Bachelor of Laws

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Bachelor of Laws (abbreviated LL.B.) is an academic degree that can be acquired through a corresponding study of law . The abbreviation LL.B. stands for Legum Baccalaureus , where LL. is the Latin abbreviation for the plural "rights".

At the Bachelor degree can consecutive to the Master of Laws (LL.M.) Connect. This formerly English academic degree denoted the completion of a degree in Roman law and English law ( common law and equity ). When it was transferred to Germany, the name was adopted uncritically. The plural is just as inappropriate as Jura as the plural of Jus in Germany, which goes back to the entirety of canon law and secular law. In Switzerland, a contemporary abbreviation was chosen with the degree designation Bachelor of Law (B Law).


The LL.B. can be obtained at some universities in Germany . However, it alone does not open the way to legal clerkship . Since the qualification for the office of judge (as a prerequisite for access to the so-called regulated legal professions) is only acquired with the second state examination following this legal traineeship , access to the classic legal professions of judges , public prosecutors , lawyers and notaries remains closed. For some time now, however, the Federal Association of Business Lawyers from Universities of Applied Sciences has been preparing a constitutional complaint in order to at least partially open up the market for legal advice on business law issues for lawyers without the status of fully qualified lawyers.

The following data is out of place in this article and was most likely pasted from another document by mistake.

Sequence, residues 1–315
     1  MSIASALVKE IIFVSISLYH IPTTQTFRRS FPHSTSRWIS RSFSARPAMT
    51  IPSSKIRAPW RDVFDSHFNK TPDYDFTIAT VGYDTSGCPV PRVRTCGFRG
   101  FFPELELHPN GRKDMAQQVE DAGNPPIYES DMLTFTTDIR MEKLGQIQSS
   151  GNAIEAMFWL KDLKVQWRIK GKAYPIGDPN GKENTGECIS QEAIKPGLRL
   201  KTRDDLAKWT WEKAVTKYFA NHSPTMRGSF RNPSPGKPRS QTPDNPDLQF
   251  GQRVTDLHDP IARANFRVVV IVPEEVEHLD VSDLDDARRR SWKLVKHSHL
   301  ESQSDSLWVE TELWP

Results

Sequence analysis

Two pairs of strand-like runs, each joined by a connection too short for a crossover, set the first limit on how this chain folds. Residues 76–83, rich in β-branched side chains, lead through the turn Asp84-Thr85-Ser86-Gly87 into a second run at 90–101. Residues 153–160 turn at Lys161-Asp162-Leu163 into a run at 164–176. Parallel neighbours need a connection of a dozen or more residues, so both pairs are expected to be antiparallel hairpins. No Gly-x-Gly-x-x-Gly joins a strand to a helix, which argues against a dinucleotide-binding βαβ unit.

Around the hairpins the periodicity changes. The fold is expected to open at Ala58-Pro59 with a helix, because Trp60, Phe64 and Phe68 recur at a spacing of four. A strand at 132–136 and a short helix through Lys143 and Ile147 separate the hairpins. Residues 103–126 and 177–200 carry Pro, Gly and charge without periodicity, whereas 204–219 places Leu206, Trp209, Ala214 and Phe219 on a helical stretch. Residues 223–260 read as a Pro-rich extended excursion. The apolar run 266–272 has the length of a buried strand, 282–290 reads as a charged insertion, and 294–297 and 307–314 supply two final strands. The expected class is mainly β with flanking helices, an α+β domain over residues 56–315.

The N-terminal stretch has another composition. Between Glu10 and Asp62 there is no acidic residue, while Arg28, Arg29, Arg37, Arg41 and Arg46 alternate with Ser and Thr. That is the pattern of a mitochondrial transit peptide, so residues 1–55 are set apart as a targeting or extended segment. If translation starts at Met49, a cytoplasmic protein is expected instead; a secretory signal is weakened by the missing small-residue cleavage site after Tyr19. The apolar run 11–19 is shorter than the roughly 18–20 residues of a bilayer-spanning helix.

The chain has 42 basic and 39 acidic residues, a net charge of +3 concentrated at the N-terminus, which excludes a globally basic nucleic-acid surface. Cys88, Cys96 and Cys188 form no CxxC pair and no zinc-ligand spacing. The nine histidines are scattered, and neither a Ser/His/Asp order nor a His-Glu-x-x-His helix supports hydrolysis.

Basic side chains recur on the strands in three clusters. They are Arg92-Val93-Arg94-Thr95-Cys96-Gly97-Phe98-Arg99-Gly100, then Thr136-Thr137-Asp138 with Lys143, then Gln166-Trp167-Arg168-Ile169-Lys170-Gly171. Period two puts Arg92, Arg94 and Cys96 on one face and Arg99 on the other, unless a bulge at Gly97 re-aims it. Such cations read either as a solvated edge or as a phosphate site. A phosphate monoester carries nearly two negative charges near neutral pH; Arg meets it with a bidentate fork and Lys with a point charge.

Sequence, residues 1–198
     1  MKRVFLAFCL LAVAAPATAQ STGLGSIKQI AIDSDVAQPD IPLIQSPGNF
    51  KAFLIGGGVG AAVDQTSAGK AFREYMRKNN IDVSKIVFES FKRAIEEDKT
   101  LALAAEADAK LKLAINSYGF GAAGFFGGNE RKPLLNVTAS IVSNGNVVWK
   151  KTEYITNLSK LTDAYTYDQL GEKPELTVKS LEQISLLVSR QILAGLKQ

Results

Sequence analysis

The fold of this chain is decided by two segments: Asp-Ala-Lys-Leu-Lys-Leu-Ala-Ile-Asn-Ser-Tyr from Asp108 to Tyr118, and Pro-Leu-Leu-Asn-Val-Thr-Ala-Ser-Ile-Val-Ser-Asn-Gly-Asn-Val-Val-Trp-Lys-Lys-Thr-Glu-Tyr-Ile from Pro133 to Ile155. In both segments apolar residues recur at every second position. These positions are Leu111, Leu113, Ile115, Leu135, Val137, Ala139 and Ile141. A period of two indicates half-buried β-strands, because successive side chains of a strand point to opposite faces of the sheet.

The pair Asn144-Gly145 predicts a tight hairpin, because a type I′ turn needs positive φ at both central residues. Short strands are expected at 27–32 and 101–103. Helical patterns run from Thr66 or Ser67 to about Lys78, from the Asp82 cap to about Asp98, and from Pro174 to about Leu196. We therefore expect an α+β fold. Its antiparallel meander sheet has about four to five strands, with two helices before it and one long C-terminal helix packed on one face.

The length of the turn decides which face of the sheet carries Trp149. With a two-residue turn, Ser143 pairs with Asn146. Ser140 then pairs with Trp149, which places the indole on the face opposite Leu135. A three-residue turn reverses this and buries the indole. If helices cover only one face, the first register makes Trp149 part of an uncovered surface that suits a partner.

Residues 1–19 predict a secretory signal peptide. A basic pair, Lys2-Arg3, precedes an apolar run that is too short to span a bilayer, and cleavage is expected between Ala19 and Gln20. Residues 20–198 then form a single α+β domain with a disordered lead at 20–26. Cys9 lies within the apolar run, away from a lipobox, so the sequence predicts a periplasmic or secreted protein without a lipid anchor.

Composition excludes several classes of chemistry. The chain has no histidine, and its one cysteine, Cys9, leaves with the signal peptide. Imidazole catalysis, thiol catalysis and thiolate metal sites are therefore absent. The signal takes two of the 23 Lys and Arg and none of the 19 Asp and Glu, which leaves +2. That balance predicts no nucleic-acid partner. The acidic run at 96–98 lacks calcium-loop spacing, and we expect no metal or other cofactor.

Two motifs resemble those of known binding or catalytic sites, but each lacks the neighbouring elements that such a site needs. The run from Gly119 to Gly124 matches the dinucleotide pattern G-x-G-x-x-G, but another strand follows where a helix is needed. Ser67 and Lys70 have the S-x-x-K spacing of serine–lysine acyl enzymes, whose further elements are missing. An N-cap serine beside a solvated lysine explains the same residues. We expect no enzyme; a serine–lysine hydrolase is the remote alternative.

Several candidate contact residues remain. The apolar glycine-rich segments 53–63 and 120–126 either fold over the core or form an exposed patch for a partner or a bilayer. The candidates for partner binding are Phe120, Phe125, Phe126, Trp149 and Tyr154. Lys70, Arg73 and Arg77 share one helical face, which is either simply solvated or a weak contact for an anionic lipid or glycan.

However, according to the current legal situation, it is already possible in proceedings without the obligation to use a lawyer before the local courts ( Section 79 (2) sentence 2 and 3 ZPO ), administrative courts ( Section 67 (2) sentences 2 and 3 VwGO ), labor courts ( Section 11 (2) Sentence 2 and 3 ArbGG ), social courts ( Section 73 (2) sentences 2 and 3 SGG ) and before the finance courts ( Section 62 (2) and 3 FGO ). The aforementioned regulations give authorities and legal entities under public law as well as companies the right to be represented in court by their appropriately authorized employees. The same applies to trade unions and social associations who, as their members' legal representatives, instruct their full-time employees to represent them in the process.

In this context and within the framework of the Legal Services Act , the LL.B. entitled to perform classic extrajudicial and judicial legal work. This includes both legal advice and representation in court.

Bologna process